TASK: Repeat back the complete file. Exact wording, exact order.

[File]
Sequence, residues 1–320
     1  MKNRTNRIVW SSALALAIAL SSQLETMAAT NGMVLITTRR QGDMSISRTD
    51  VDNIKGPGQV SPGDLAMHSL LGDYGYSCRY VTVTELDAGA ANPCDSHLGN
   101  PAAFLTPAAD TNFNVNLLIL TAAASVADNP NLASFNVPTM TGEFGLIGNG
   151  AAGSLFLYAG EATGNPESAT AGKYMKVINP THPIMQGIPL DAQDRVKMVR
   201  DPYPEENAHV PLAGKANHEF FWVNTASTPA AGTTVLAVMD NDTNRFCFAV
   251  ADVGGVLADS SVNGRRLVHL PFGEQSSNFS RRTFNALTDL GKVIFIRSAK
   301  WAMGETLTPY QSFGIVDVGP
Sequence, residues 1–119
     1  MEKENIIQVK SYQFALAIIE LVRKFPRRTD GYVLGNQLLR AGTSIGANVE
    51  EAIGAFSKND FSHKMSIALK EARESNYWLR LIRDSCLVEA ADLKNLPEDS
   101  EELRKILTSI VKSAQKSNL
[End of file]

Sequence, residues 1–320
     1  MKNRTNRIVW SSALALAIAL SSQLETMAAT NGMVLITTRR QGDMSISRTD
    51  VDNIKGPGQV SPGDLAMHSL LGDYGYSCRY VTVTELDAGA ANPCDSHLGN
   101  PAAFLTPAAD TNFNVNLLIL TAAASVADNP NLASFNVPTM TGEFGLIGNG
   151  AAGSLFLYAG EATGNPESAT AGKYMKVINP THPIMQGIPL DAQDRVKMVR
   201  DPYPEENAHV PLAGKANHEF FWVNTASTPA AGTTVLAVMD NDTNRFCFAV
   251  ADVGGVLADS SVNGRRLVHL PFGEQSSNFS RRTFNALTDL GKVIFIRSAK
   301  WAMGETLTPY QSFGIVDVGP
Sequence, residues 1–119
     1  MEKENIIQVK SYQFALAIIE LVRKFPRRTD GYVLGNQLLR AGTSIGANVE
    51  EAIGAFSKND FSHKMSIALK EARESNYWLR LIRDSCLVEA ADLKNLPEDS
   101  EELRKILTSI VKSAQKSNL